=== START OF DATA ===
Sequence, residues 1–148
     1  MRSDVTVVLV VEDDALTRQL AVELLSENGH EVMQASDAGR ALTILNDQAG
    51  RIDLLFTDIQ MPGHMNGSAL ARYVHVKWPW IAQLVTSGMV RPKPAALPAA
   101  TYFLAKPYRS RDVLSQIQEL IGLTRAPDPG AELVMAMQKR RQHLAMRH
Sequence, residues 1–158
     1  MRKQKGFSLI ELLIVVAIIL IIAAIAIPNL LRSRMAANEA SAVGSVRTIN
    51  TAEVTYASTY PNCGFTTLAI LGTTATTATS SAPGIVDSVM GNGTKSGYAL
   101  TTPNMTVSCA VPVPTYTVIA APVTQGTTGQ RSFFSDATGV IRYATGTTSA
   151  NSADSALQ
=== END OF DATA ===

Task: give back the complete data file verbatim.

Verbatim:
Sequence, residues 1–148
     1  MRSDVTVVLV VEDDALTRQL AVELLSENGH EVMQASDAGR ALTILNDQAG
    51  RIDLLFTDIQ MPGHMNGSAL ARYVHVKWPW IAQLVTSGMV RPKPAALPAA
   101  TYFLAKPYRS RDVLSQIQEL IGLTRAPDPG AELVMAMQKR RQHLAMRH
Sequence, residues 1–158
     1  MRKQKGFSLI ELLIVVAIIL IIAAIAIPNL LRSRMAANEA SAVGSVRTIN
    51  TAEVTYASTY PNCGFTTLAI LGTTATTATS SAPGIVDSVM GNGTKSGYAL
   101  TTPNMTVSCA VPVPTYTVIA APVTQGTTGQ RSFFSDATGV IRYATGTTSA
   151  NSADSALQ